Tuesday, July 13, 2010

Exploding Pyrex

I was holding my 4 cup pyrex, to help me transport my pickles. It bumped into one of the many boiling hot surfaces and shattered. Straight up the handle, all across the kitchen, many pieces, small and large. Nothing injured, save my pride. All in all, it was not my finest culinary moment.


The pickles themselves are Bread and Butter and delicious. I don't trust that they're sealed, so they will need to be consumed over the next month or so. Ce la vie.

So, here's what I did:


Cumcumbers and white onions sliced thinly, tossed through with 1 cup of pickling salt (ie salt sans iodine). They were placed in the top portion of a pasta pot, and weighted down, then placed overnight in the fridge to drain. At the end of 12 hrs, I rinsed them off thoroughly, then set them to drain again while the other ingredients were prepped.


Nomi helped make the brine. Based off of The Joy of Cooking's Bread and Butter pickle recipe, it consisted of:

5 cups cider vinegar
4 cups white sugar
2 T mustard seed
1 1/2 T celery seed
1 1/2 tsp ground cloves
1 1/2 tsp all spice
2 whole star anise


The brine was set to near boiling temp, then the cucumber mixture was added gradually. The pickles were brought up to "scalding, but not boiling temperature", then placed in hot 1 quart Ball Jars. They were placed in a pot of water, near boiling temp, that had been measured to cover the jars. They were processed for 1/2 an hour, and then removed.


And then the pyrex exploded. It will be a long while before I attempt canning again. Someday, jam or jelly or apple butter will ensue. Until that time, I shall pout, shake my head, and know I have met my match.

Are there cooking processes/techniques that you won't try, or that you read in a recipe and dismiss it on their account? I'm up to canning, deep frying, hot sugar and double boilers with constant whisking. They are my Moby Dick, and they shall be conquered.

5 comments:

  1. Exploding pyrex is my kitchen nightmare! Glad no one was hurt. I canned bread and butter pickles and strawberry jam last summer. To my surprise, everything sealed and I still have a little of each left in the pantry. This summer I plan to do some lacto-fermentation. Sauerkraut first. We'll see how that goes.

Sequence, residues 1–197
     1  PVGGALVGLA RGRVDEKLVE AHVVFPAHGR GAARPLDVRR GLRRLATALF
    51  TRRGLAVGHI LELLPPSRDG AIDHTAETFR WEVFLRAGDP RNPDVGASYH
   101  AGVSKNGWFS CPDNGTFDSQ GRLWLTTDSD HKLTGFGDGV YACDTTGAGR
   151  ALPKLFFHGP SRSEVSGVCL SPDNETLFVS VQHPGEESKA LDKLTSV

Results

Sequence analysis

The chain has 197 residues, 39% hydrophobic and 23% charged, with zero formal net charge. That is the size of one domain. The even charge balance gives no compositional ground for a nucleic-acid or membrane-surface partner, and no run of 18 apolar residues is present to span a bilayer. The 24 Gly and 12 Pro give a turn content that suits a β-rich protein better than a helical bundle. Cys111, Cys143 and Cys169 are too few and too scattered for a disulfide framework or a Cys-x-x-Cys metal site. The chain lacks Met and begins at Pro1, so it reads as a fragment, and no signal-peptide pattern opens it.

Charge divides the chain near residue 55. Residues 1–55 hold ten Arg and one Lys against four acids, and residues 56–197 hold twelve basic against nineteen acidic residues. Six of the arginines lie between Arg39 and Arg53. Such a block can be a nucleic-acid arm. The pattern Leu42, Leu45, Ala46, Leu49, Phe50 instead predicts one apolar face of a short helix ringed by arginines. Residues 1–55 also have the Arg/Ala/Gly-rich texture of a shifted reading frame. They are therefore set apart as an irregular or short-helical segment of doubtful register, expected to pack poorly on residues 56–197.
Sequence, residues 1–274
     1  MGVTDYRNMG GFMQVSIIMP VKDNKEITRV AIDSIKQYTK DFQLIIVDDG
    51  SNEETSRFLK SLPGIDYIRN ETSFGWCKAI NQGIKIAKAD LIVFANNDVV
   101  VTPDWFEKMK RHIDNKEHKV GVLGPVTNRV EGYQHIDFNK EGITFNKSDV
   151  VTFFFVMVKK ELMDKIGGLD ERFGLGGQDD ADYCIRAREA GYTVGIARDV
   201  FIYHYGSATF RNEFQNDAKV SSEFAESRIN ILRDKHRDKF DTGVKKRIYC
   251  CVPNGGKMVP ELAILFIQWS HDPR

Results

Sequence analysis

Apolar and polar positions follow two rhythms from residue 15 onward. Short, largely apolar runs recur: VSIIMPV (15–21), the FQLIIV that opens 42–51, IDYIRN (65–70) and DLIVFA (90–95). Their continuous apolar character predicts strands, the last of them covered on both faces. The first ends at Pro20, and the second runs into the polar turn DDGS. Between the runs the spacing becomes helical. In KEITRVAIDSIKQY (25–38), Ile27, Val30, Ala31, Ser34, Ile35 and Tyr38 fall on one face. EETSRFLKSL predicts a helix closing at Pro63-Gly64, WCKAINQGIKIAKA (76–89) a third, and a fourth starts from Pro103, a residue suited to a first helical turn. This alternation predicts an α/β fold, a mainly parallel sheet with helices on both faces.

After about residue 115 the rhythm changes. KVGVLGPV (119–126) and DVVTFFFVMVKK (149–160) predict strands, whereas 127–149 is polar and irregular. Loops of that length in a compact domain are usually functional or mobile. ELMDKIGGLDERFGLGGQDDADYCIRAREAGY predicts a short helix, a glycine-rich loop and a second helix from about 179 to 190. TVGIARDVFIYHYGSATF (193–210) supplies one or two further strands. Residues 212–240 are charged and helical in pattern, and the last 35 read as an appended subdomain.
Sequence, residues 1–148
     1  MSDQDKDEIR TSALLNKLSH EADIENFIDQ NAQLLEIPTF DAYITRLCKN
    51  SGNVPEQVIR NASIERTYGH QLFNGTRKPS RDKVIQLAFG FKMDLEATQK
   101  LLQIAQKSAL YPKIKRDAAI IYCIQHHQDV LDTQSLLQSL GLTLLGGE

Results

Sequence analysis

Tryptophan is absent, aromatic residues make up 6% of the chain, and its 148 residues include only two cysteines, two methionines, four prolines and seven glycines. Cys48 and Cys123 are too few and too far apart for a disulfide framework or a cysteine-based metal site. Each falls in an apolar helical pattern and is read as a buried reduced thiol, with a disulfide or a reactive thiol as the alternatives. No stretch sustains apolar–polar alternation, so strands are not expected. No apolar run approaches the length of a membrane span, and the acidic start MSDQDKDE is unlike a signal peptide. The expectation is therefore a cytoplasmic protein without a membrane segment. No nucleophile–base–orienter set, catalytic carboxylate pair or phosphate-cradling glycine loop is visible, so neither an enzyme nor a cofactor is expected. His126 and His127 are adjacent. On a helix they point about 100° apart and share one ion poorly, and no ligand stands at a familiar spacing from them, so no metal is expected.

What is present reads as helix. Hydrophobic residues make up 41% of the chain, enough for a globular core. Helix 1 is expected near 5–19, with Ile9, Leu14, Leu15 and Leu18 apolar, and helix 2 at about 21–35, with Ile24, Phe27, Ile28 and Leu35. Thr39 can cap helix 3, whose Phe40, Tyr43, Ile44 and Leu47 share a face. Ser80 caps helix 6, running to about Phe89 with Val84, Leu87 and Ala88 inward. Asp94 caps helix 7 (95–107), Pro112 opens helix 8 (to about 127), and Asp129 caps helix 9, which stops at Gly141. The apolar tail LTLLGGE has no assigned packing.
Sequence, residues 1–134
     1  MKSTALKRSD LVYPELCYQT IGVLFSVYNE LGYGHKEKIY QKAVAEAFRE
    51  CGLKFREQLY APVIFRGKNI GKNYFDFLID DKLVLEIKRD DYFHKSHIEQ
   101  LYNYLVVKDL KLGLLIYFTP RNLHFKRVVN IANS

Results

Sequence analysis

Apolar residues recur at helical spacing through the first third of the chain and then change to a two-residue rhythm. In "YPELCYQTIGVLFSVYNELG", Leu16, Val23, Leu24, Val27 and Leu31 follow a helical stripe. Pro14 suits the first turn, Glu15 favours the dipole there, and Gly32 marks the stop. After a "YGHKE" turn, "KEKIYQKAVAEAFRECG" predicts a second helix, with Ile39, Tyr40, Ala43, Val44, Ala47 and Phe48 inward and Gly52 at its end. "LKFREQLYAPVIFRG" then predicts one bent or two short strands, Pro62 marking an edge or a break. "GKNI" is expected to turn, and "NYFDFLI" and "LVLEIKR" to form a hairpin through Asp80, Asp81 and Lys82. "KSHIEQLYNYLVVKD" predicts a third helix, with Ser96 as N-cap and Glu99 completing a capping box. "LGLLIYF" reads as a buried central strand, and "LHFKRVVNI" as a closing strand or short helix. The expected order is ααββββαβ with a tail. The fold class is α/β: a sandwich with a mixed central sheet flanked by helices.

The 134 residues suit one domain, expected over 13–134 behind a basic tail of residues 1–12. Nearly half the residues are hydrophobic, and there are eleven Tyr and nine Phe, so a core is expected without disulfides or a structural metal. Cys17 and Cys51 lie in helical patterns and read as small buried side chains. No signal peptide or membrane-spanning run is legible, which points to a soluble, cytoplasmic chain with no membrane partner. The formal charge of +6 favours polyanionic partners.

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  2. My grandfather talks about how his grandparents house had a clay barrel in the basement that was perpetually making Sauerkraut. I'm thinking I'll try canning again with my mother in law's assistance, but will switch to attempting sourdoughs for the time being.

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  3. Canning scares the bejezus out of me. It's silly, I know. As a good friend points out, people have done it for generations without giving their family some awful disease, but for some reason it's just not one of those things I feel good about teaching myself! Maybe someday I'll find an expert guide.

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  4. I so want a fermenting crock, but don't want to spend the money just yet. Some people say it can be done in a gallon size glass jar. Others say the taste of that isn't authentic enough, but it can be made in a food grade plastic container. Still others insist if you don't make it in a fermenting crock, there's no point. I'm in the fact gathering stage, but need to make a decision soon because I have 5 heads of cabbage in my fridge.

    Sourdoughs are on my list, too. I've never tried.

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  5. I had 12 cucumbers in my fridge, with another week of CSA cucumbers soon to arrive, so it was time to do something with them. Hence, my haphazard pickling attempt. I figured folks had been doing it for generations, so I could probably figure it out. I was a bit of an idiot. I should have at least waited until I had a second adult in the house to help keep the girls floating. I will try it again, but I am scared off for at least the week.

    Freeze a cabbage or two to make stuffed cabbage. Hold off until you have a good idea where to begin. Or, figure if you make a mistake, you can try again next time. The question is if a mistake is worth making your house smell like sauerkraut...

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